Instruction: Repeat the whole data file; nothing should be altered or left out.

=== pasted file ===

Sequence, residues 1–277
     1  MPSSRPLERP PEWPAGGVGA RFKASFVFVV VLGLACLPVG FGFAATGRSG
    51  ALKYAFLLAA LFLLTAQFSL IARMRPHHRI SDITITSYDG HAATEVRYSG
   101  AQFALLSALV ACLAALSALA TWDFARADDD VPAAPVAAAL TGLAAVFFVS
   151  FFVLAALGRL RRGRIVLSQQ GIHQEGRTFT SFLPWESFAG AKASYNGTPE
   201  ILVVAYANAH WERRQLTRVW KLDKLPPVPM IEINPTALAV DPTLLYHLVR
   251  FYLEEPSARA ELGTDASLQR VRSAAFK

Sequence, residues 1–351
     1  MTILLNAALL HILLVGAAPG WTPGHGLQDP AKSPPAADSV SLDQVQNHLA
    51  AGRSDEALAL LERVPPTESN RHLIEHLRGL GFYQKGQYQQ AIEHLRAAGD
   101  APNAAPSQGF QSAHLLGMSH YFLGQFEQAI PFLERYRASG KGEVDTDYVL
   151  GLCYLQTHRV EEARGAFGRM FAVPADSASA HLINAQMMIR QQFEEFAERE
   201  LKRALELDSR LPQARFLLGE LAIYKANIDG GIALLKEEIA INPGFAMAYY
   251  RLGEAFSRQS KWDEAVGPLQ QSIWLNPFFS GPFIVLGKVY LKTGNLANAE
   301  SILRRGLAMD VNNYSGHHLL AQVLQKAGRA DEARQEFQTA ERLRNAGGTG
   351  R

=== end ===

Sequence, residues 1–277
     1  MPSSRPLERP PEWPAGGVGA RFKASFVFVV VLGLACLPVG FGFAATGRSG
    51  ALKYAFLLAA LFLLTAQFSL IARMRPHHRI SDITITSYDG HAATEVRYSG
   101  AQFALLSALV ACLAALSALA TWDFARADDD VPAAPVAAAL TGLAAVFFVS
   151  FFVLAALGRL RRGRIVLSQQ GIHQEGRTFT SFLPWESFAG AKASYNGTPE
   201  ILVVAYANAH WERRQLTRVW KLDKLPPVPM IEINPTALAV DPTLLYHLVR
   251  FYLEEPSARA ELGTDASLQR VRSAAFK

Sequence, residues 1–351
     1  MTILLNAALL HILLVGAAPG WTPGHGLQDP AKSPPAADSV SLDQVQNHLA
    51  AGRSDEALAL LERVPPTESN RHLIEHLRGL GFYQKGQYQQ AIEHLRAAGD
   101  APNAAPSQGF QSAHLLGMSH YFLGQFEQAI PFLERYRASG KGEVDTDYVL
   151  GLCYLQTHRV EEARGAFGRM FAVPADSASA HLINAQMMIR QQFEEFAERE
   201  LKRALELDSR LPQARFLLGE LAIYKANIDG GIALLKEEIA INPGFAMAYY
   251  RLGEAFSRQS KWDEAVGPLQ QSIWLNPFFS GPFIVLGKVY LKTGNLANAE
   301  SILRRGLAMD VNNYSGHHLL AQVLQKAGRA DEARQEFQTA ERLRNAGGTG
   351  R